You know, before you read this post, think about what traditions are left for the Southeastern Conference to hold near and dear to its collective old heart. This is, after all, the place where football teams can go over a decade before visiting some stadiums in the other division and the place where basketball schedules seem to be set almost on a whim.
So what is Greg Sankey feebly defending the honor of?
The NCAA this week is likely to abolish long-standing legislation outlawing alcohol sales at its championship events.
In the Southeastern Conference, meanwhile, prohibition reigns.
The NCAA Division I Council is set to vote on a proposal to eliminate a policy that has long kept booze out of championship events. The governing body for college athletics has used a waiver the past two years to sell alcohol at various championships, including the College World Series.
Such a waiver would no longer be needed if the council approves the proposal at meetings Tuesday and Wednesday in Indianapolis, which is expected.
The potential decision only furthers the growing push from some SEC schools — LSU included — to lift the league’s ban on stadium-wide alcohol sales. Commissioner Greg Sankey on Monday insisted that it won’t be “easy” to overturn such a “decades-long tradition that’s been in place,” he said during a panel discussion at the APSE Southeast Region meeting at Samford University.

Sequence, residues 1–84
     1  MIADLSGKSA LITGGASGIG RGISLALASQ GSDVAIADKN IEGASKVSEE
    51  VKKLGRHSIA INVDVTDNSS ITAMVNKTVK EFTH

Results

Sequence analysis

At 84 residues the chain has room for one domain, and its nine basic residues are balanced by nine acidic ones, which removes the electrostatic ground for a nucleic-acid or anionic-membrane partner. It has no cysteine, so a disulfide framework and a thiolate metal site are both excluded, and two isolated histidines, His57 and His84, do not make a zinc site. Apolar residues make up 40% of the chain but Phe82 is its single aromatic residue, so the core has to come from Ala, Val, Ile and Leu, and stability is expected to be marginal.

The NCAA’s decision is only a “data point,” he said, in the conversation and not a “determinative for our direction.”
The no-brainer here would seem to be to let each conference program decide what’s best for itself with regard to beer sales, but that’s not how the SEC rolls.
So what’s stopping stadium-wide alcohol sales? Some member schools.
“We have some that would like to remove the policy and have others that have no interest in that,” Sankey said. “From a stadium wide (standpoint), there are those that think ‘Let’s just take the restraint off the conference level.’ But that’s not a unanimous or, I’m not sure right now, a majority position.”
The policy only can change through a majority vote of the 14 league presidents and chancellors…
Do I detect a faint whiff of the Georgia Way here? Why, I believe I do. Stadium booze is only for those who can hold their liquor; it’s a lucky coincidence that only those in the fancy seats are capable of that.
I still think at some point in time the dollars will rule. It’s too easy a revenue stream to ignore forever, but in the meantime, I guess it’s hard to put a price tag on feeling holier than thou.